Adding new distribution venues can boost your bottom line, diversify your business and increase brand awareness. Some distribution channels to consider include:
1. Retail and wholesale
2. Direct marketing
3. International markets
Go where your buyers go
Many retailers are constantly on the lookout for new products. Department stores and specialty retailers have significant shelf space to fill. And even though they take a cut of each sale, you can offset that cost and turn a tidy profit with better pricing and sales volume.
Working with a wholesaler provides a similar set of advantages. Plus, they buy in bulk and often have transportation networks in place. Check out the National Association of Wholesaler-Distributors to find a wholesaler in your industry.
To find reps for wholesalers and retailers, attend trade shows related to your product category. You can also outsource the legwork with a retail fulfillment service, distribution specialist or product marketing firm. Alternatively, find an independent sales representative through the Manufacturers’ Agents National Association (MANA).
Direct marketing methods can expand the reach of just about any venture, especially a small business that has saturated a local market.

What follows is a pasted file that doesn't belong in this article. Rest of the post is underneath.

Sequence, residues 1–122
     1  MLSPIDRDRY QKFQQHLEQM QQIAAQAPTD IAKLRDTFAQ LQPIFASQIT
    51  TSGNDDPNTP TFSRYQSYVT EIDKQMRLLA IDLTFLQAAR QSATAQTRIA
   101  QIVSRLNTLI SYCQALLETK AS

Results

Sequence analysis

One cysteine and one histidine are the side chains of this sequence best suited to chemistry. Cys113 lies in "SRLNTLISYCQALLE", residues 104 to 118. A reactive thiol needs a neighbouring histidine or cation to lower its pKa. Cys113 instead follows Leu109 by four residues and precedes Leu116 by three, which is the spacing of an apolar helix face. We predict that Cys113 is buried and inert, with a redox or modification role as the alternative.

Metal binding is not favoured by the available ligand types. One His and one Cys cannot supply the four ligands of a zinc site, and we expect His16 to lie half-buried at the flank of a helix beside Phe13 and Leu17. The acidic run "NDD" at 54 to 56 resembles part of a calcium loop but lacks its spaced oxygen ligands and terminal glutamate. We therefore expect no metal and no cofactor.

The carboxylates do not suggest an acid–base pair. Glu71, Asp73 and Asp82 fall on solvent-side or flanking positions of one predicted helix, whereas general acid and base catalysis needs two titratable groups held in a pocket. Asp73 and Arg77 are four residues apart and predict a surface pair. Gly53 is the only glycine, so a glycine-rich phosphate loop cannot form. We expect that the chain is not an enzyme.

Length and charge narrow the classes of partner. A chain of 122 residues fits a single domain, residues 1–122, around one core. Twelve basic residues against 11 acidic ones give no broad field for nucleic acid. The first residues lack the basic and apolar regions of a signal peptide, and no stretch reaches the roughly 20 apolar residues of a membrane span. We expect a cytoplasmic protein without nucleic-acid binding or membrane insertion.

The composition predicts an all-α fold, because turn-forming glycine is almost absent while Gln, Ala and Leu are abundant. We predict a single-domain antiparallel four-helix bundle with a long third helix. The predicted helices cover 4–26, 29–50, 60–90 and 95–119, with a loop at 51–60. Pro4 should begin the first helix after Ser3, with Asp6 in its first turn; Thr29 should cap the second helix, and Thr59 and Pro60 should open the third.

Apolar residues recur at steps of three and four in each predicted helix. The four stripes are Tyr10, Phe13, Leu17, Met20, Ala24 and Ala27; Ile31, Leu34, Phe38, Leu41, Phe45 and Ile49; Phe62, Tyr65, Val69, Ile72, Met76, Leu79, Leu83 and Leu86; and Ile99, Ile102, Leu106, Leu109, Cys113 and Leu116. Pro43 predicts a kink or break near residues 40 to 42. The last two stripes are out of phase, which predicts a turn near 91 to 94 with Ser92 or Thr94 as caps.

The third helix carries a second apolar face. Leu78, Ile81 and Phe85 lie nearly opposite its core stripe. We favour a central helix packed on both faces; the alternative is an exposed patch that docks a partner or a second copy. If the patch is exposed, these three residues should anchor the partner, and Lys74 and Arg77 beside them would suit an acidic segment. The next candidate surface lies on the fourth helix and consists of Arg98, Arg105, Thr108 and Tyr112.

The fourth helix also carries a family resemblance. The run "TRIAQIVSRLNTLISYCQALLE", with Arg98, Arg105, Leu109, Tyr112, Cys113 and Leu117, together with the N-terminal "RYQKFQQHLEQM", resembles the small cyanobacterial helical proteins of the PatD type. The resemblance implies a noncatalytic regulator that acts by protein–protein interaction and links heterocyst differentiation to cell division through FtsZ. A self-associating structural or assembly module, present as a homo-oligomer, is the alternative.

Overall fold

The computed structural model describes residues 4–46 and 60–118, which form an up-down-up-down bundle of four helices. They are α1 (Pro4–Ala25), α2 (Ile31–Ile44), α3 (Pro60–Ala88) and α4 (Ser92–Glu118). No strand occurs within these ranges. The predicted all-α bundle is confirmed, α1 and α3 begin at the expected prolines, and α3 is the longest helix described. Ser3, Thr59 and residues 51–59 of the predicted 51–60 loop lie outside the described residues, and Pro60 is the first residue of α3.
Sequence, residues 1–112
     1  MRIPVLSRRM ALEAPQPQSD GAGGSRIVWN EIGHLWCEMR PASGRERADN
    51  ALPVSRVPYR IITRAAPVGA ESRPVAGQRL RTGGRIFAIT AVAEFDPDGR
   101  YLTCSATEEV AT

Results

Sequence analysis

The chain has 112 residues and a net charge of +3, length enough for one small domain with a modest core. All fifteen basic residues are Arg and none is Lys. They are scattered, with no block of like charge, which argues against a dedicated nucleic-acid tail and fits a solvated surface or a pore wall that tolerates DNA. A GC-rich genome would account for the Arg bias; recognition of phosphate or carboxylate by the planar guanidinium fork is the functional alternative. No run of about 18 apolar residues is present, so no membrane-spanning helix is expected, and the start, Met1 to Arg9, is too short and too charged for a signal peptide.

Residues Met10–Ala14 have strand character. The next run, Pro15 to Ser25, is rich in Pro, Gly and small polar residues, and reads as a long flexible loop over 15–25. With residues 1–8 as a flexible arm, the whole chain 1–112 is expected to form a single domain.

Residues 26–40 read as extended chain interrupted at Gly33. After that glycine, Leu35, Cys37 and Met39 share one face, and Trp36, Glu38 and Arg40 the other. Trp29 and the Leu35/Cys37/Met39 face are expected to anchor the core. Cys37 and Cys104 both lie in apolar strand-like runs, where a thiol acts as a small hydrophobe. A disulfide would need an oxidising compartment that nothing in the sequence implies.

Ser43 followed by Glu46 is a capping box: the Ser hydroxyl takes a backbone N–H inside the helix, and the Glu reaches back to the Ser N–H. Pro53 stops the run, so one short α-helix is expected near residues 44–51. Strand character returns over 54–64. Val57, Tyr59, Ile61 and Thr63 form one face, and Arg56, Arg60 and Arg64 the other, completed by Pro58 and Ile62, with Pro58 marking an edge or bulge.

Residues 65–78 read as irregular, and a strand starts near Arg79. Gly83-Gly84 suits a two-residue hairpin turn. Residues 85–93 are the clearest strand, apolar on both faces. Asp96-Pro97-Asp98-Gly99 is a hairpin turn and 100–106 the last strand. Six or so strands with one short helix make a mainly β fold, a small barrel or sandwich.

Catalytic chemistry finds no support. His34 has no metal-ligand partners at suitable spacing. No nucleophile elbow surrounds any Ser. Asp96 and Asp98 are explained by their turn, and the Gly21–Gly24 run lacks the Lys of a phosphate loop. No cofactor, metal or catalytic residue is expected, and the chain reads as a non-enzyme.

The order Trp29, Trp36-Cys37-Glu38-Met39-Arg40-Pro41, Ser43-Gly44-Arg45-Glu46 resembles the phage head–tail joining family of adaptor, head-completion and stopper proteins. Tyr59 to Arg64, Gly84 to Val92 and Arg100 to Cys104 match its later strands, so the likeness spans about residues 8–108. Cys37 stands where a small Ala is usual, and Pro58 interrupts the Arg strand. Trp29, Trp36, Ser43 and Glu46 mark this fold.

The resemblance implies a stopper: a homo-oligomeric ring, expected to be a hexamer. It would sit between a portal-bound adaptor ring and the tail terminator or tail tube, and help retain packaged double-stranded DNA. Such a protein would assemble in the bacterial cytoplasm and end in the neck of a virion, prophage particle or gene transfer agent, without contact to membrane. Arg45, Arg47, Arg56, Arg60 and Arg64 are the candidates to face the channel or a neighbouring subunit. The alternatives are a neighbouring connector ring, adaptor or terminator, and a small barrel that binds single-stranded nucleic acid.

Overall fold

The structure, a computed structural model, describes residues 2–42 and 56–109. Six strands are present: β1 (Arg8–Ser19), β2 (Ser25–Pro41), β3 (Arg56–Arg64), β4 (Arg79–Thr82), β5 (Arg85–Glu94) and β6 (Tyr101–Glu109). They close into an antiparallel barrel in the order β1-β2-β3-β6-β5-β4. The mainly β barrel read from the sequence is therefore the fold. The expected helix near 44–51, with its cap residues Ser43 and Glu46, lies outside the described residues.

Direct mail pieces such as flyers, postcards, brochures and catalogs allow companies to grow beyond their state or region and can even help achieve national exposure. Telemarketing can also provide broad reach.
All these methods require an initial investment, but many specialized marketing firms are ready to launch a campaign with minimal lead time. Just make sure to carefully track your ROI.
Internet sales continue to grow, with more users gaining high-speed Internet access and the overall comfort level with e-commerce growing every year.
Shopping sites like eBay and Amazon provide good examples of quick self-signup options and require no programming skills.
The U.S. has less than 5 percent of the world’s population. China, India and the European Union have nearly 45 percent combined.
Any international sales effort will require the patience and dedication to navigate through a host of complex cultural issues and governmental restrictions, but high profit margins can make it worthwhile.
Help is available through international commerce consultants and trade partners, both of which can be found at trade shows and export events. Export.gov offers resources dedicated to supporting potential exporters, including a list of international trade events.
By Jason Agard, Senior Associate Editor, Business.com